Gilland: Running the race of life

Man running race
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Someone once said, “Life is not a sprint…it’s a marathon.” More than a helpful cliché, this little saying points to a metaphor that affects not only the way we live today, but the way we view our entire lives. 

Sprints are races comprised of short distances that enable the runner to use their maximum power in one lightning burst of speed. Every fraction of a second is critical, because the sprint is over quickly. 

The winner is most often the one who had the fastest start off the block and exploded into an all-out, heart-pumping, muscle-straining dash. All of this while his or her eyes were looking forward to the finish line, which was already in view, perhaps only 50 yards away.

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A marathon is a different story all together. Unlike the sprinter running in a 50-yard dash, a marathon participant faces a distance exponentially greater at 26.2 miles. A runner who trains for this kind of race has to approach every aspect differently if he is aiming to complete such a feat.

I am the farthest thing from a marathon runner, but I have a friend who traveled from Orlando to New York to compete in today’s New York Marathon. He has completed dozens of marathons over the last several years, and if that is not amazing by itself, he runs them while carrying an American flag! 

He does this to honor the great men and women of the U.S. military, past and present, who fought for our freedoms, some paying the ultimate sacrifice for their service.

My friend would tell you that to run in such a race takes much preparation. Some of the obvious differences when compared to shorter races include the fact that you can’t see the finish line from the beginning. 

Also, you have to learn the level of pace that you are physically able to maintain. Unlike that sprint, you can’t invest all your energy at the sound of the starter’s gun. This kind of race takes a while—a long while—to run.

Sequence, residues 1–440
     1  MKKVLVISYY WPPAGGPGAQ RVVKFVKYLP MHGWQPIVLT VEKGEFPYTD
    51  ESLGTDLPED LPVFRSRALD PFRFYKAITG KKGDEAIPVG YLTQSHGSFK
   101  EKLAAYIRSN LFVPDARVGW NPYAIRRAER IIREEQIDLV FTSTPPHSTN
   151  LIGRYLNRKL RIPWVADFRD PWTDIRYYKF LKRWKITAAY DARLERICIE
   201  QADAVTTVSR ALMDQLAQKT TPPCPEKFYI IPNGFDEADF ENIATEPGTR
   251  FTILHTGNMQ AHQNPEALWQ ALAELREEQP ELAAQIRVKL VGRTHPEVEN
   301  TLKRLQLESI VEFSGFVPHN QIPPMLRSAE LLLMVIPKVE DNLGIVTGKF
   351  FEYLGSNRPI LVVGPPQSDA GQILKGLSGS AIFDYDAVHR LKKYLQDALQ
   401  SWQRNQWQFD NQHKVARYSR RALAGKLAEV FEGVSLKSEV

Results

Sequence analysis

One also has to expect the unexpected in a marathon. Seasoned runners will often encounter a muscle cramp, or a phantom pain that they have never encountered before, forcing them to mitigate this little surprise that hadn’t shown up in previous races. 

Finally, a marathon runner has to learn to live with the extreme fatigue that ultimately sets in somewhere along the course. Such tiredness and the accompanying pain is not unusual—it is normal. The endurance of this factor while on the journey is often the difference between the one who finishes, and the one who drops out.

The apostle Paul understood these images and tied such a runner to those men and women of faith who are running in the race of life. As with the runner, we all face a course that carries obstacles and elevations, unexpected factors and pain, and that feeling that tells us we can’t make it to the finish line. 

Paul gives us some great encouragement in 1 Corinthians 9:24-26:

Do you not know that in a race all the runners run, but only one receives the prize? So run that you may obtain it. Every athlete exercises self-control in all things. They do it to receive a perishable wreath, but we an imperishable. So I do not run aimlessly…”

As we run this race of life, let’s take Paul’s advice and run to win, keeping our eyes on Him.

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